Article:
"Yet there was a problem. For most of that time our forebears did not think that enslaving human beings was a good thing. It had been largely abandoned in Christendom after the beginning of the 12th century, and was yet another vice ascribed to the lustful, barbarous Turks.

"What was the thing, after all, that Britons from the 18th century on -- in the words of the stirring anthem -- never, never, never will be? [Rule Britannia, Britannia rule the waves. Britons shall never, never, never be slaves!]. And what were we simultaneously turning millions of Africans into? How could it be immoral to enslave one person and not another?...

"Europeans (for the most part) ran the slave trade, colonised what was left behind, killed off the native populations of North, Central and South America and of Australia (question: what is the Aboriginal view of whether white Australians should allow asylum-seeking Afghans into their country?) and have got away with it.

"Still reparations are impossible. They are a pedant's delight... It cannot help. There is a good case, however, for an apology... There ought to be a recognition of what was done and who did it."

Chris McGreal, in The Guardian (3 Sept):

"The Europeans...should apologise unreservedly. The words "racist" and "crime" need to be in there, preferably side by side. And there needs to be an admission that the slave trade was the start of centuries of abuse of Africa and Africans by the West which did not end with slavery or colonialism or the Cold War.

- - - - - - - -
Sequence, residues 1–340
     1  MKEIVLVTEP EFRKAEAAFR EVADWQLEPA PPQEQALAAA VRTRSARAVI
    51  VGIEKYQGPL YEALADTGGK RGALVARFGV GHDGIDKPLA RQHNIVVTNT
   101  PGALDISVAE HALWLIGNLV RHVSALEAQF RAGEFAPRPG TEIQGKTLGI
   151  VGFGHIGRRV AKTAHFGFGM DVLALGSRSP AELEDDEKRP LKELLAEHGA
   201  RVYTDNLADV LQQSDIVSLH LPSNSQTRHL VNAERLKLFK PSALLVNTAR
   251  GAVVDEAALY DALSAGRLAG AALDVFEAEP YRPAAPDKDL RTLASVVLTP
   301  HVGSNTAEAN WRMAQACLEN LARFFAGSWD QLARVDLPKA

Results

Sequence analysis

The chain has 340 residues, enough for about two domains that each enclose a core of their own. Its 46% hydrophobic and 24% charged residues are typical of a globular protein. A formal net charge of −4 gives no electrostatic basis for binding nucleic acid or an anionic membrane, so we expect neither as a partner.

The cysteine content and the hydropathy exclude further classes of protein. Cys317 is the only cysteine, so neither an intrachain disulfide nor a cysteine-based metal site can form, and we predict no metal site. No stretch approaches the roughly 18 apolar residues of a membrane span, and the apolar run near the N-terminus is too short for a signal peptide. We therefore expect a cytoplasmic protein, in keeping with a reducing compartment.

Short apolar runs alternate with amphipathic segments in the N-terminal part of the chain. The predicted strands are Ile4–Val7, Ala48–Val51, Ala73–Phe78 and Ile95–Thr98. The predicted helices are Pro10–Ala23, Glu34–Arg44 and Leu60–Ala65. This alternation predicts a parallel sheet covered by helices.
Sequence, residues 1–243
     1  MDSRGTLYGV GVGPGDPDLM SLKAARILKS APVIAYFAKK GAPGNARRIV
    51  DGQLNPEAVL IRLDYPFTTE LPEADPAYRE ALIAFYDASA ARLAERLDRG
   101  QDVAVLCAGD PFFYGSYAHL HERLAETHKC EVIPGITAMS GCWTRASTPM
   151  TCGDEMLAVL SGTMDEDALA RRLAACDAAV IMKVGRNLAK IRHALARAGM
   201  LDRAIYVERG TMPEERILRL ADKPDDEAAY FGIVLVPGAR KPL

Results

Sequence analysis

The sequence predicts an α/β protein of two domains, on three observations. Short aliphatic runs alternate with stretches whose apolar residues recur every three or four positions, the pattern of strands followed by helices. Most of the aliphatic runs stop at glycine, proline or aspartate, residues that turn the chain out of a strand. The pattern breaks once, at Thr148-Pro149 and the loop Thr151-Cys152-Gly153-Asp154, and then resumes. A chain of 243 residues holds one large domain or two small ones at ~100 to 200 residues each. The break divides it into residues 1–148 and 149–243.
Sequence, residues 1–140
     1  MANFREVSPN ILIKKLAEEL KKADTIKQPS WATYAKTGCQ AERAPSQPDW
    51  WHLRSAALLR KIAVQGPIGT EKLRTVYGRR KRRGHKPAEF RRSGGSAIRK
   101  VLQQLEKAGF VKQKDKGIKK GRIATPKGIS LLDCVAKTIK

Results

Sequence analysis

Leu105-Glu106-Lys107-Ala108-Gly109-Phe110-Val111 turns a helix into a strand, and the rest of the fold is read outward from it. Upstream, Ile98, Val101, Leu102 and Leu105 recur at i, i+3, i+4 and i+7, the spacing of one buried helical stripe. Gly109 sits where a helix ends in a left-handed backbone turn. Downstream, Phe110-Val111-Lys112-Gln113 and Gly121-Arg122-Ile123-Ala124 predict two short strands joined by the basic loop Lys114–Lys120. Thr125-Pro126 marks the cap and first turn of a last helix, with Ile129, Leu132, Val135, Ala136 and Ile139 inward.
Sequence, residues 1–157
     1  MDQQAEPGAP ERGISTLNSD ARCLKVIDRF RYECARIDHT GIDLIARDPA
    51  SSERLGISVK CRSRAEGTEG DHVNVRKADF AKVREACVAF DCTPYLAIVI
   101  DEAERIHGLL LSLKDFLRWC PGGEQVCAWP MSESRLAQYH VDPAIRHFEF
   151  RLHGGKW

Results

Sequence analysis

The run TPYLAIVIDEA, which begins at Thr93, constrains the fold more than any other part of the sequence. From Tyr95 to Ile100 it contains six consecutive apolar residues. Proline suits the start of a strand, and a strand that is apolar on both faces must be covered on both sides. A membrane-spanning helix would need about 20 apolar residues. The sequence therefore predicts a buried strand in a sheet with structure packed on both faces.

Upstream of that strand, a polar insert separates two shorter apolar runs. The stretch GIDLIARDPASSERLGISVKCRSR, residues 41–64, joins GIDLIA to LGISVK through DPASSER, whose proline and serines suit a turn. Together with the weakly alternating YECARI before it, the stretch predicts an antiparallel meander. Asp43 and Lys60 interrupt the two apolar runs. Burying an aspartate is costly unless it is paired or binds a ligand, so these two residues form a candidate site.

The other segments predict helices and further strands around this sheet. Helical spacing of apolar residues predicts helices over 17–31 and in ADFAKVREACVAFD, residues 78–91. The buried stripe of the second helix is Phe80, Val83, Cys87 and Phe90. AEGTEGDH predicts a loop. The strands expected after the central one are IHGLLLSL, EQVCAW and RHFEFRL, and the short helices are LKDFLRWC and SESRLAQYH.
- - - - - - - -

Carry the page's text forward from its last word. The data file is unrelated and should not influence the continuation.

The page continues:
"There is a direct line between the dehumanising of Africans stuffed on to slave ships and the transformation of Angola into a Cold War battlefield...

"Some have questioned the need for an apology by saying the Arabs also plundered millions from Africa, so where is their regret and restitution? But Arabs did not go on to subjugate almost every nation in Africa. Arabs did not impose apartheid on South Africa or use the continent as a political and military battlefield for the decades of the Cold War. Arabs do not own most of the fertile land in Zimbabwe.

"Most reasonable people in Europe would accept, even welcome, an apology. But if they do, it is not enough to then walk away as if the crime is consigned to history... With the apology should come a recognition that those who have benefited from Africa's misery have an obligation to help reconstruct it. It would not be reparations as such, and certainly not on an individual basis...

"Proper financial support for the [New African Initiative] would give Africa the fresh opportunity it needs and which a patchwork of development does not.

"It doesn't have to be called reparations, but tied to an apology for slavery, it would be a practical recognition by the West of the shameful reality that a good part of its prosperity is built on the exploitation of Africa and the misery of many of its people."
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Author:Aaronovitch, David
Publication:New African
Article Type:Brief Article
Geographic Code:60AFR
Date:Oct 1, 2001
Previous Article:Durban: Portugal ought to lead the apology wagon. (Viewpoint).
Next Article:Tanzania: Big is beautiful in Mererani. (NA Market).